Kitchen Before & After: A 1970s Toronto Kitchen Gets a Scandinavian Country Twist

Kitchen Before & After: A 1970s Toronto Kitchen Gets a Scandinavian Country Twist

Cambria Bold
Jul 9, 2013

Kitchn reader Kari and her family live in an old home that sits by the water in Toronto. She waited four years before finally renovating her outdated 1970s kitchen, but spent that time doing tons of research and gathering ideas for a kitchen that would feel modern yet timeless, suit the style of her old country home, and appeal to her Norwegian heritage and her love of simple Scandinavian design. See the 'After' photos below!

A wonderful transformation! As Kari tells us, it was very important for her to create a kitchen that was well-suited to cooking, but also one that looked like it belonged in a 100-year-old home. Here's what she says about the  

Our old kitchen was from the 70s. It didn’t look that bad but desperately needed updating as it was tired and the layout was not very practical. The only thing we knew we would keep is the wooden beam on the ceiling.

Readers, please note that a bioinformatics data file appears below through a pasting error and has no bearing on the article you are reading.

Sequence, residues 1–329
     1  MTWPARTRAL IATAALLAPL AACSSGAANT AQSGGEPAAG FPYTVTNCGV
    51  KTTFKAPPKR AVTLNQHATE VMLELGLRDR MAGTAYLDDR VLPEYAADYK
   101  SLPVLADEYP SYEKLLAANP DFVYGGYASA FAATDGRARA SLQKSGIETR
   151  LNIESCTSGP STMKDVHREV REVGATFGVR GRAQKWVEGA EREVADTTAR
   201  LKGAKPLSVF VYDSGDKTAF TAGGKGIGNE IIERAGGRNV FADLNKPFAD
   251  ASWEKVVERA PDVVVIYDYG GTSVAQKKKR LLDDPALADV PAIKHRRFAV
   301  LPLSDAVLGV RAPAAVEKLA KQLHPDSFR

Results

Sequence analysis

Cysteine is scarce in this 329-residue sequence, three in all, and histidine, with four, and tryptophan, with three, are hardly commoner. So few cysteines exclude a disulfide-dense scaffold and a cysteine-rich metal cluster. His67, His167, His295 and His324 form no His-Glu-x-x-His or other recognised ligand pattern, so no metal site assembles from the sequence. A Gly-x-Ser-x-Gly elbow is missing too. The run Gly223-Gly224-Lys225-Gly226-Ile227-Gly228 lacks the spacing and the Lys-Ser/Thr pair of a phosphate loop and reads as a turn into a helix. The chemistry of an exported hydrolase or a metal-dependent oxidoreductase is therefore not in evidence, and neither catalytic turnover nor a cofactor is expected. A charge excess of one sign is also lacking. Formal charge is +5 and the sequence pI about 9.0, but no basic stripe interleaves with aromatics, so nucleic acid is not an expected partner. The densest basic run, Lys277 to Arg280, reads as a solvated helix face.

Our house in The Beach area in Toronto feels like a Scandinavian summerhouse. Being originally from Norway, I have a love for simple Scandinavian design. The previous owners had a similar taste for wood beams and lots of light in the house, which fit our plans perfectly.

Everything changed places in the kitchen design except the sink. The kitchen was gutted down to the floor joists. We designed the kitchen ourselves with the help from the IKEA kitchen planner and a contractor installed the new window, tile, electricity, drywall and plumbing. We hired a cabinetry carpenter to install our IKEA cabinets and butcher block island, and we sourced a fabricator for our stainless steel countertops with integrated sink. 

With the money we saved by using IKEA cabinets, we splurged on our stainless countertops and a Capital gas range. We decided to keep our current fridge even though it is in white and not stainless steel and now we find that we like the white fridge! When we replace it we will keep it white to keep the focal points at the stove area and island countertop. It is an affordable way to create an illusion that the fridge is integrated.

One of our design challenges was that we did not know what to do with the range hood vent pipe. We kept debating on whether it should be exposed, in a bulkhead or hidden by cabinets. Since I love the look of no cupboards over the range with subway tiles all up to the wall, I thought a bulkhead would destroy the open feeling we were trying to create. I discovered a photo by Norwegian blogger @Byfryd on Instagram  of her kitchen. The pipe was exposed and it assured us that exposing the pipe was the right idea.

Thanks so much for sharing, Kari!

(Images: Via The Kitchn's submission form)

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